Some people become unfaithful after they lose their mentor’s influence. They can’t keep up their faithfulness on their own

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From “Growing in the character of a disciple”: Chapter 8 – Further advice on how we can become more faithful

One of the reasons why faithful, obedient, God-fearing people sometimes become unfaithful, and let God down in later life, is that they began with the influence and guidance of a godly mentor, but then could not keep up that faithfulness on their own, without that mentor’s help. An example of this is King Joash of Judah. He came to the throne when he was only a child and benefitted greatly from the godly influence of Jehoiada, a faithful priest who advised and taught the young king:

1Jo’ash was seven years old when he began to reign, and he reigned forty years in Jerusalem; his mother’s name was Zib’iah of Beer-sheba. 2 And Jo’ash did what was right in the eyes of the LORD all the days of Jehoi’ada the priest.

2 Chronicles 24:1-2 (RSV)

So, King Joash did what was right for very many years, i.e while Jehoiada was still alive and able to guide him. But then things changed when Jehoiada died:

15But Jehoi’ada grew old and full of days, and died; he was a hundred and thirty years old at his death. 16 And they buried him in the city of David among the kings, because he had done good in Israel, and toward God and his house.

2 Chronicles 24:15-16 (RSV)

17 Now after the death of Jehoi’ada the princes of Judah came and did obeisance to the king; then the king hearkened to them. 18 And they forsook the house of the LORD, the God of their fathers, and served the Ashe’rim and the idols. And wrath came upon Judah and Jerusalem for this their guilt. 19 Yet he sent prophets among them to bring them back to the LORD; these testified against them, but they would not give heed.

2 Chronicles 24:17-19 (RSV)

After Jehoiada died, King Joash unwisely allowed himself to be advised and influenced by unworthy people who were not of the same calibre as Jehoiada. Therefore King Joash went astray, and so did many of the people of Judah. It reached such a point that Zechariah, the son of Jehoiada, tried to intervene to confront King Joash and to get him to see how God saw the situation. But King Joash did not listen to him. In fact he had him killed, despite all that Zechariah’s father had done for him for so many years:

20Then the Spirit of God took possession of Zechari’ah the son of Jehoi’ada the priest; and he stood above the people, and said to them, “Thus says God, ‘Why do you transgress the commandments of the LORD, so that you cannot prosper? Because you have forsaken the LORD, he has forsaken you.'” 21 But they conspired against him, and by command of the king they stoned him with stones in the court of the house of the LORD. 22 Thus Jo’ash the king did not remember the kindness which Jehoi’ada, Zechari’ah’s father, had shown him, but killed his son. And when he was dying, he said, “May the LORD see and avenge!”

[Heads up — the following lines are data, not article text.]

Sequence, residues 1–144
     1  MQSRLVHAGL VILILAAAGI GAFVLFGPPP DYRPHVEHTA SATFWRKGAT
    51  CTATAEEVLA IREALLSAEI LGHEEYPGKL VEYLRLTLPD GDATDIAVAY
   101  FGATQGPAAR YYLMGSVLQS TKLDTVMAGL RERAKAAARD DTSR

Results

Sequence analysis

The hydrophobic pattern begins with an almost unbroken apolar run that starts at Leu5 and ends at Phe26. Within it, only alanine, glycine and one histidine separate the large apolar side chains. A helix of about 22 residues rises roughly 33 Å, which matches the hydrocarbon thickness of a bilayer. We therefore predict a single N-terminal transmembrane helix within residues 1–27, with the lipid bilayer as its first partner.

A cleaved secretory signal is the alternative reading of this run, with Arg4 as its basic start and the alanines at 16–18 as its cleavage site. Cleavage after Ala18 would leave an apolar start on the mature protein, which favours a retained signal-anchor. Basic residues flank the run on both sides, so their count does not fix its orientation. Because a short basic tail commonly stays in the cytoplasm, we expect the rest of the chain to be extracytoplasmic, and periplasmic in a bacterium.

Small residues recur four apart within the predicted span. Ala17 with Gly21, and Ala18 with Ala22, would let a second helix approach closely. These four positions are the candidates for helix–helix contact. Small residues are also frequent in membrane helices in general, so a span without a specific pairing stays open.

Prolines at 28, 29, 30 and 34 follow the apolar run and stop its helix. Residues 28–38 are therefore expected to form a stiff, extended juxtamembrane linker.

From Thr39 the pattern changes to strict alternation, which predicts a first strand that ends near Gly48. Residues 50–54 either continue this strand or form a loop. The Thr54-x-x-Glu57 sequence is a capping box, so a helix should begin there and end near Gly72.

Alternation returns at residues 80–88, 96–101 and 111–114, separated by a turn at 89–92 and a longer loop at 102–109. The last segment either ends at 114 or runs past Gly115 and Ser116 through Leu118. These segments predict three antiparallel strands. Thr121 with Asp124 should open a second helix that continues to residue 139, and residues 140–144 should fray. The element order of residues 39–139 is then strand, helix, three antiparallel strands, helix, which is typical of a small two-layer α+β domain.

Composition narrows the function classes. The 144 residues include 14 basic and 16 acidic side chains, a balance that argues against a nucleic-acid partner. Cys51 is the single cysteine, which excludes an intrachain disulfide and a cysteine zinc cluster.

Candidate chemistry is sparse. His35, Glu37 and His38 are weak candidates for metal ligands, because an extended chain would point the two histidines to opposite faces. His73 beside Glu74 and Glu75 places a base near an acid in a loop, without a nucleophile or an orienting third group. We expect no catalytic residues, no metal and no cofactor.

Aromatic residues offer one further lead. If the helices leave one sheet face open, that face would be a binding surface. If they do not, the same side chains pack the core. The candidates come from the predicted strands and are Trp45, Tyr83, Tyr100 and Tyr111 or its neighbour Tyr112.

2 Chronicles 24:20-22 (RSV)

As a result of the unfaithfulness of King Joash, and also in response to Zechariah’s prayer, God moved to judge Joash by sending the Syrian army to attack him:

23At the end of the year the army of the Syrians came up against Jo’ash. They came to Judah and Jerusalem, and destroyed all the princes of the people from among the people, and sent all their spoil to the king of Damascus. 24 Though the army of the Syrians had come with few men, the LORD delivered into their hand a very great army, because they had forsaken the LORD, the God of their fathers. Thus they executed judgment on Jo’ash. 25 When they had departed from him, leaving him severely wounded, his servants conspired against him because of the blood of the son of Jehoi’ada the priest, and slew him on his bed. So he died; and they buried him in the city of David, but they did not bury him in the tombs of the kings.

2 Chronicles 24:23-25 (RSV)

What Joash should have done, following the death of Jehoiada, was to recognise that he was now entering into a new test, i.e. for God to see how well he could do without his mentor. He should therefore have responded to his new circumstances by:

a) immersing himself in the Bible, so as to obtain guidance from there for himself

b) carefully selecting other godly people to advise him in place of Jehoiada, instead of being passive and leaving it for advisors to come to him randomly.

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